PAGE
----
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Simple Connections

in Steel Structures

Introduction
ARTICULATED CONNECTIONS
Prior to the development of the plastic
theory, articulated connections were
used. Articulated connections allow,
under normal service conditions,
relative movements between the
connected members in the elastic
range,
without
causing
any
plasticization of these members, as
well as of the required devices for the
connection itself (bolts, pins, angles,
etc.).
While
these
connections
approximated the design assumptions
to a high degree, these are often hard
to fabricate and install, and the cost
associated in its fabrication is
prohibitive.

Introduction
NON-ARTICULATED
CONNECTIONS
In the advent of the plastic theory of
structural analysis and design, several
connection types have been designed
to approximate design assumptions to
an acceptable degree by allowing
different degrees of plasticity in the
connection itself, depending on the
requirements of the design. Such
connections do not allow any relative
displacement in the elastic range but
provides the values of design
displacements or rotations via the
spreading of plasticity.

Types of Non-articulated Steel


Connections (AISC)
FULLY-RESTRAINED (FR)
Fully-restrained
moment
connections
provide
full
continuity at the connection so
that the original angles between
intersecting
members
are
maintained essentially constant
during the loading of the
structure, i.e., with rotational
restraint on the order of ninety
percent (90%) or more of that
necessary to prevent any angle
change.

Types of Non-articulated Steel


Connections (AISC)
PARTIALLY RESTRAINED (PR)
Partially
restrained
moment
connections
allow
moment
transfer
accompanied
with
rotation
between
connected
members. A simplified approach
to PR connection design is to use
a flexible moment connection,
where the gravity loads are
taken in the shear connection
only and any end restraint
provided
by
the
moment
connection is neglected for

Types of Non-articulated Steel


Connections (AISC)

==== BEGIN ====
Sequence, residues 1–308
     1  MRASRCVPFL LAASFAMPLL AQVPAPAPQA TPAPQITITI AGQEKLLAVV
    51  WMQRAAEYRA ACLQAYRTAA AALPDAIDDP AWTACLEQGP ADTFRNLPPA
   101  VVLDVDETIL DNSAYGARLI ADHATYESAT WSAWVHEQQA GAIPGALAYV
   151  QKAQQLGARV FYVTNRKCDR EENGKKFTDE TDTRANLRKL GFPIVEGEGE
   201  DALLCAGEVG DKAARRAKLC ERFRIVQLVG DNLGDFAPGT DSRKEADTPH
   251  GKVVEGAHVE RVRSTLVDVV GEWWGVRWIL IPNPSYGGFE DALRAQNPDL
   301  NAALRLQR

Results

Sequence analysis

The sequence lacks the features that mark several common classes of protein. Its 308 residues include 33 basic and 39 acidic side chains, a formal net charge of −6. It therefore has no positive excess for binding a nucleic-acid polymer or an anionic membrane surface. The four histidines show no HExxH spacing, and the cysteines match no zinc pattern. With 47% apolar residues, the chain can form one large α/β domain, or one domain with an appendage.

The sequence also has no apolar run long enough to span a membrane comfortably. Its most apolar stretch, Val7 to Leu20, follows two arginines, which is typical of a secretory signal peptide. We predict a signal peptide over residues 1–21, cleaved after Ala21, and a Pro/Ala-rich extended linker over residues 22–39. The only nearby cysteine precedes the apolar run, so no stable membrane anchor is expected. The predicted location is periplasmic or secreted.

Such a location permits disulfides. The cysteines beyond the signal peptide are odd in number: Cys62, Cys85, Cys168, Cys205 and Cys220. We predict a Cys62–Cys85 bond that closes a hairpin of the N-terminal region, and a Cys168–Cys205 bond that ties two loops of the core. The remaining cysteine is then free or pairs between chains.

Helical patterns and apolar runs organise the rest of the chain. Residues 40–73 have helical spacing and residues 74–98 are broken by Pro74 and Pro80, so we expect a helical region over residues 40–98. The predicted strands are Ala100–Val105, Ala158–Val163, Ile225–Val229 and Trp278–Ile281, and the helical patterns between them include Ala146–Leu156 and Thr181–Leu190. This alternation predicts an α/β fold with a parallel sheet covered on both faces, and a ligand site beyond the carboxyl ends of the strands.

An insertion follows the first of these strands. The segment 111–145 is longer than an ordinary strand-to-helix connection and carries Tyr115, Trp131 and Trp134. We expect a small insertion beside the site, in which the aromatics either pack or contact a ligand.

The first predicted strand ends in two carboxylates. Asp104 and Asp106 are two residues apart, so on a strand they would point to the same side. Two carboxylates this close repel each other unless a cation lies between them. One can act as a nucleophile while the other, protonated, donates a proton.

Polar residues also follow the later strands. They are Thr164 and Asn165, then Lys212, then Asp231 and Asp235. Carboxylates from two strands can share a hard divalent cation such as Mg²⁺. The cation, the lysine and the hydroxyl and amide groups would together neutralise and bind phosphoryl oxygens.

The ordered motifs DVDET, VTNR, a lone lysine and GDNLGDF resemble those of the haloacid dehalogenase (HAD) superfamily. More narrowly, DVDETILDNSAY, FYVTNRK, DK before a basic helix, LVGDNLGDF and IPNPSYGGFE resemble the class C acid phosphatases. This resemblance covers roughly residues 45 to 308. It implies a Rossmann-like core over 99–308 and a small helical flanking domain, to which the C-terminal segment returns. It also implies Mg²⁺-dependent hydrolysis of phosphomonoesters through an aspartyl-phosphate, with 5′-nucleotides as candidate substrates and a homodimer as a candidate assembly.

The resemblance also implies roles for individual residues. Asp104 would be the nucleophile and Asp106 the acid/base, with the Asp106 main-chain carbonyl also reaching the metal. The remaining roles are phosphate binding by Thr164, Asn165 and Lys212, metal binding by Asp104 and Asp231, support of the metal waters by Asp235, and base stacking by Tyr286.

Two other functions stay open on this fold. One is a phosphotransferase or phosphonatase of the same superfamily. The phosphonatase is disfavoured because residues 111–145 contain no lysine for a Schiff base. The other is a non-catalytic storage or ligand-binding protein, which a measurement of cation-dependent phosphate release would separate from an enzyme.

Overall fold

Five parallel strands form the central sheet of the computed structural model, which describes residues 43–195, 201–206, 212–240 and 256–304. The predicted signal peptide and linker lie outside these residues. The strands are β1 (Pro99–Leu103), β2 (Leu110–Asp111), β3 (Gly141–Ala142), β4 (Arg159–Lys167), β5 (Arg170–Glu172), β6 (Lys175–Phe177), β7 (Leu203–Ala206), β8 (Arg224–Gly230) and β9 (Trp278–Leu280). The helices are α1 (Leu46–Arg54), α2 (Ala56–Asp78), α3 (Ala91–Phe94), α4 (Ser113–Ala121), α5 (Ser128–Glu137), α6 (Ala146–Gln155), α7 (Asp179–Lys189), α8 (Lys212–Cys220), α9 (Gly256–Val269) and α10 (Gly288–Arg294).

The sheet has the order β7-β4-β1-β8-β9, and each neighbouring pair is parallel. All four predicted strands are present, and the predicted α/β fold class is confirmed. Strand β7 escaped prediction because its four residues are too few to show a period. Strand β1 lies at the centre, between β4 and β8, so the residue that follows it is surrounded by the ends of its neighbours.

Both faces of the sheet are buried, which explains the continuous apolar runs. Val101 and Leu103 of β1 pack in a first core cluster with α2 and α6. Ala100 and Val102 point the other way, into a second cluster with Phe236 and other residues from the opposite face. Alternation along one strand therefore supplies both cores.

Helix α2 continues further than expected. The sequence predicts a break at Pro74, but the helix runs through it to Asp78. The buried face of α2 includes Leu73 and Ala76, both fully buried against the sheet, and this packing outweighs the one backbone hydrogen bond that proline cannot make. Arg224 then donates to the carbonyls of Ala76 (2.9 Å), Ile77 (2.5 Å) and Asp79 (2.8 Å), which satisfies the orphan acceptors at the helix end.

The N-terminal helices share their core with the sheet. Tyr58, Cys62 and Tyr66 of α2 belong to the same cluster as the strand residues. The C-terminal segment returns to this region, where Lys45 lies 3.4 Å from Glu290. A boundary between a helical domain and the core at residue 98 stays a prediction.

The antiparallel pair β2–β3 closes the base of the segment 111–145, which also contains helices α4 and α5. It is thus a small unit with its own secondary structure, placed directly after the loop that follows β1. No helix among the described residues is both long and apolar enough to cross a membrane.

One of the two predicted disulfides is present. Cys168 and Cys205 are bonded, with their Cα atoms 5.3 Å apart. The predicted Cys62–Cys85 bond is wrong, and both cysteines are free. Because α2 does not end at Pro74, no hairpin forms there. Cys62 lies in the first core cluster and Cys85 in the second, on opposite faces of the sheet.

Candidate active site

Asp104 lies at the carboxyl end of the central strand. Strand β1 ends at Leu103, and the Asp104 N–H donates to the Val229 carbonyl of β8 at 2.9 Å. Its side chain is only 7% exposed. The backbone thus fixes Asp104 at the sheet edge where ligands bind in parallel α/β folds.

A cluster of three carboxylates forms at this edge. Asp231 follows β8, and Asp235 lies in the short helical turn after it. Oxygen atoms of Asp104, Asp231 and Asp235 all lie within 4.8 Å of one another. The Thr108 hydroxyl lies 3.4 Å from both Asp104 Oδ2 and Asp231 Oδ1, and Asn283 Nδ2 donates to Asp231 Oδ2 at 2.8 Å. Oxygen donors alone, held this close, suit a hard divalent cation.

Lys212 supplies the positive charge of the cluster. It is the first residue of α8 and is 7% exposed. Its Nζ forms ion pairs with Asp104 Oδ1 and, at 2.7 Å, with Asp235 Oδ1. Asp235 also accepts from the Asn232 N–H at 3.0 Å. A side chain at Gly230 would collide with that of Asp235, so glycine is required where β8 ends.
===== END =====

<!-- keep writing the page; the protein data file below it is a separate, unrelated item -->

SIMPLE CONNECTIONS
Simple connections provide a
transfer of direct forces only
(without moment transfer), with
very little rotational restraint
such that it allows connected
members to achieve at least
eighty percent (80%) of the
theoretical angular displacement
if frictionless hinged connections
could be used.

SIMPL
E

FIXED /
PARTIA
L
End Rotations of Non-articulated Steel Connections:
Fully-restrained moment connections maintain a 90% rotational restraint
Partially-restrained moment connections maintain an end rotation restraint between
20% to 80%
Simple connections maintain an end rotation restraint of 20% or less

Simple Connections

Common Schemes for Simple


Connections
FIN PLATE (SHEAR END
PLATE) CONNECTION
A thin plate is used to
connect two beams or a
beam and a column. The fin
plate is usually shop welded
at the column then site
bolted to the beam. Shown is
an example of beam-tocolumn single fin plate
connection.

Common Schemes for Simple


Connections
WEB CLEAT
CONNECTION
A couple of angles is bolted
or welded to the web or
flange of the column and to
the web of the beam. Shown
is an example of beam-tocolumn web cleat connection
using bolts.

Common Schemes for Simple


Connections
FLUSH
END
CONNECTION

PLATE

A flush end plate is welded


to the beam end and bolted
to the column. In this type of
connection, however, the
shear force is transferred
from the beam to the column
solely by the connecting
bolts.

Common Schemes for Simple


Connections
WEB AND SEAT CLEAT
CONNECTION
A couple of angles is bolted
or welded to beam web as in
web cleat connections, but
an additional seat angle is
placed in correspondence of
the bottom beam flange to
facilitate the site connection
of the beam to the column.

Common Schemes for Simple


Connections
SIMPLE SUPPORT
CONNECTION
A plate is welded at the top
of the column then the beam
is bolted at the site,
achieving a simple support
condition.
Notably,
additional stiffeners were
used
to
prevent
local
buckling of the beam flange.